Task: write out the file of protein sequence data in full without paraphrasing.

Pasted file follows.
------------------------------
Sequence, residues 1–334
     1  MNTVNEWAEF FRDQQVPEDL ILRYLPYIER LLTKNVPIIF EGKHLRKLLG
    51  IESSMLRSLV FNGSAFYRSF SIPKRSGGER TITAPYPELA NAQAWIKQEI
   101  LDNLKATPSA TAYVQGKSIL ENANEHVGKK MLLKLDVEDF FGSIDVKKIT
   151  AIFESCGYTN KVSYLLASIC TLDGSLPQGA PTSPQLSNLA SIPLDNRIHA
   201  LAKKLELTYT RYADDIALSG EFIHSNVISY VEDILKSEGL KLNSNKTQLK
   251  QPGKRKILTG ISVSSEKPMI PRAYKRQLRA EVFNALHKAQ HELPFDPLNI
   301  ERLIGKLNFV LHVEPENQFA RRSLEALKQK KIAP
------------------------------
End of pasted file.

Sequence, residues 1–334
     1  MNTVNEWAEF FRDQQVPEDL ILRYLPYIER LLTKNVPIIF EGKHLRKLLG
    51  IESSMLRSLV FNGSAFYRSF SIPKRSGGER TITAPYPELA NAQAWIKQEI
   101  LDNLKATPSA TAYVQGKSIL ENANEHVGKK MLLKLDVEDF FGSIDVKKIT
   151  AIFESCGYTN KVSYLLASIC TLDGSLPQGA PTSPQLSNLA SIPLDNRIHA
   201  LAKKLELTYT RYADDIALSG EFIHSNVISY VEDILKSEGL KLNSNKTQLK
   251  QPGKRKILTG ISVSSEKPMI PRAYKRQLRA EVFNALHKAQ HELPFDPLNI
   301  ERLIGKLNFV LHVEPENQFA RRSLEALKQK KIAP